Guest Post by: Finance Senior Steven Hsieh. He is a Foster Undergraduate who is participating on Foster Exchange at the National University of Singapore for Fall Semester 2018.

It was a humid, warm night in Singapore (which really says nothing as every night in Singapore is humid and warm), as I strolled into the basement of one of the many massive shopping malls in Singapore. Still hungry after dinner, I scavenged for snacks, taking a gander at the many choices available to me when I laid my eyes upon an innocent stall titled “Ya Kun Kaya Toast.” My local friend informed me that it was a popular kaya toast chain, and never having kaya toast before, I decided to have a bit of breakfast at night time.

My first bite was heavenly. I’ve never been a toast guy for breakfast as I usually opted for oatmeal or cereal instead, but upon that first mouthful of bread, Kaya jam, and butter, I was converted. For those who don’t know what Kaya toast is, let me explain. Kaya toast is essentially a sandwich of two pieces of thin, toasted bread (thin is important), with an interior of Kaya jam and butter. Different chains have different ratios of each ingredient, but these three are crucial. Kaya jam is made from a base of coconut milk, eggs, and sugar, which imparts a rich, creamy, and sweet coconutty flavor. Combined with a bit of saltiness from the butter and the savory from the toast, these ingredients come together to form something truly greater than the sum of it’s pieces.

There’s one more aspect to the Kaya toast as well – soft boiled eggs.  Two gooey soft-boiled eggs are usually served alongside the Kaya toast, and can act as a standalone meal, or dipped with the kaya toast. Sprinkled with a little white pepper and dashed with a splash of dark soy sauce, the Kaya toast becomes a different beast. Now, you might be wondering, “Which Kaya toast chain should I visit the next time I visit Singapore?” Well let me tell you, all Kaya toast is good Kaya toast. However, my favorite is Toast Box’s Kaya Toast as I prefer their butter, which is more of a uniform spread compared to Ya Kun’s cold slab of butter. With a flood of local Singaporeans lining up to order a nice cup of coffee/tea, some Kaya toast, and some soft-boiled eggs, they’ve truly figured out how to start their day right.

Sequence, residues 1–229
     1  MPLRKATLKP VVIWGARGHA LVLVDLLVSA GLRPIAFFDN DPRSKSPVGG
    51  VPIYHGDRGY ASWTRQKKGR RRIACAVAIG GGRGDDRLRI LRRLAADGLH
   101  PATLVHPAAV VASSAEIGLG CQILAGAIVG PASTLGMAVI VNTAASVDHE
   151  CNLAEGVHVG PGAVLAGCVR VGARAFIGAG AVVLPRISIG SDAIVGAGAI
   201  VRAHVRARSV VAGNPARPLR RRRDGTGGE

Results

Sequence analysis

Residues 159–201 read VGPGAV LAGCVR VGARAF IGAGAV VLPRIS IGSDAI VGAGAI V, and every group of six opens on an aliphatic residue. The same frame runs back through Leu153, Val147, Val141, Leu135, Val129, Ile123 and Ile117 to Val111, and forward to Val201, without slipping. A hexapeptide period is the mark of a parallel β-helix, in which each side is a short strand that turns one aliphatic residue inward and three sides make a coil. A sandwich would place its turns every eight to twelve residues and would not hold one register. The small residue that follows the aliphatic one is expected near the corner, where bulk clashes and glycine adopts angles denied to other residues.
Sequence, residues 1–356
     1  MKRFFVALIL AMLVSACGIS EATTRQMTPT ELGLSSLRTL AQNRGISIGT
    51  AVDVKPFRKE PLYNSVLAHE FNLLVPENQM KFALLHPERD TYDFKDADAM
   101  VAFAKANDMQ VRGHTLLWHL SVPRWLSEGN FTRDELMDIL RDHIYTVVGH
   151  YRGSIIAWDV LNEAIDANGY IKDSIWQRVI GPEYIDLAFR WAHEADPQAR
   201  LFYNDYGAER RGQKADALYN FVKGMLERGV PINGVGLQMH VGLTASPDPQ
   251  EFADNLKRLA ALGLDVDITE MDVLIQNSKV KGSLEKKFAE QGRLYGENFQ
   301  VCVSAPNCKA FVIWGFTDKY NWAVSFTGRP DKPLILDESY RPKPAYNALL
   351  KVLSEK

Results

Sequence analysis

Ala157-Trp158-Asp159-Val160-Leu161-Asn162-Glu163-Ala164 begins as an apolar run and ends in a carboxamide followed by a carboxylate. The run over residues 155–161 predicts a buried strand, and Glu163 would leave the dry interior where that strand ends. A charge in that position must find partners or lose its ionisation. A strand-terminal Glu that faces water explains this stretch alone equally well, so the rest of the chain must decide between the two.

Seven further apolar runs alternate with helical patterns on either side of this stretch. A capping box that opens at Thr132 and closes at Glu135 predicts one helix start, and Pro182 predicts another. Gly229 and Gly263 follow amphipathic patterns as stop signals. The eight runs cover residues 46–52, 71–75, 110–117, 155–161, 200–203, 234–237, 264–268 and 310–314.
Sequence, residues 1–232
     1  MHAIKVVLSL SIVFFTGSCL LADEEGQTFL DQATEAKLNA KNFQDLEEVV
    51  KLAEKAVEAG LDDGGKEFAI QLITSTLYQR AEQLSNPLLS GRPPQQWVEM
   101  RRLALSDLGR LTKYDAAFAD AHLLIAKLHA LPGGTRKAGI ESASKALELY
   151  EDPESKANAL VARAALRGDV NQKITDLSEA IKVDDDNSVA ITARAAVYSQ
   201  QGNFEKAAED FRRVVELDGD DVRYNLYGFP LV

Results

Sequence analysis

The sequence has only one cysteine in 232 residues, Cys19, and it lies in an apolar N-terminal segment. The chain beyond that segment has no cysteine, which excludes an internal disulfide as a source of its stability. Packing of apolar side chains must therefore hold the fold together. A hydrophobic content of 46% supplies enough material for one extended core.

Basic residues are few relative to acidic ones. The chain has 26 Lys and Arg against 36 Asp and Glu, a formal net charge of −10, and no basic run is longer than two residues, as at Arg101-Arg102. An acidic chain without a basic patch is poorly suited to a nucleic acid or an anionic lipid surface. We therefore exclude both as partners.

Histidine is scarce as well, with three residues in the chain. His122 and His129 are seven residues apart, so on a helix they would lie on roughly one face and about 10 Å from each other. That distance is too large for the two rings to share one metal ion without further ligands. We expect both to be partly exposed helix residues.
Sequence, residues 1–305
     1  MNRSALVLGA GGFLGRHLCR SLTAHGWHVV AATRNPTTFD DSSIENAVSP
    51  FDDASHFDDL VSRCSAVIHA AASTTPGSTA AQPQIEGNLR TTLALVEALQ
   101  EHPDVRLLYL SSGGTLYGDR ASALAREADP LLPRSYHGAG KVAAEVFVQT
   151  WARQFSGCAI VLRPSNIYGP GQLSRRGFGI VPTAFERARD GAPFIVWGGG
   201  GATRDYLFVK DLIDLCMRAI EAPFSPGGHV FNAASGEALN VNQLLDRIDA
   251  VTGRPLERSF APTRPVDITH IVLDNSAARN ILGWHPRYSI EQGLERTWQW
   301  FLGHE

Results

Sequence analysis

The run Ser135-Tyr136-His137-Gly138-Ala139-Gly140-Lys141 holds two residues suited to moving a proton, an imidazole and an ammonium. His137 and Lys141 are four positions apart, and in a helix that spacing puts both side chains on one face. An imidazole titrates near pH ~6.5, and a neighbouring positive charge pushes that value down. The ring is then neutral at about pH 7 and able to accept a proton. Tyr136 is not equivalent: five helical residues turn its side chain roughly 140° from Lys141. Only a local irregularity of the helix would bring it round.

So far, I’ve had a lot of the local delicacies which include laksa, barley drinks, avocado smoothies, chili crab, stingray, satay, and the ever-famous chicken rice. They’re all delicious. Yet, the simplicity and flavor of Kaya toast causes me to return morning after morning. Now excuse me, I think I just heard my toaster pop.

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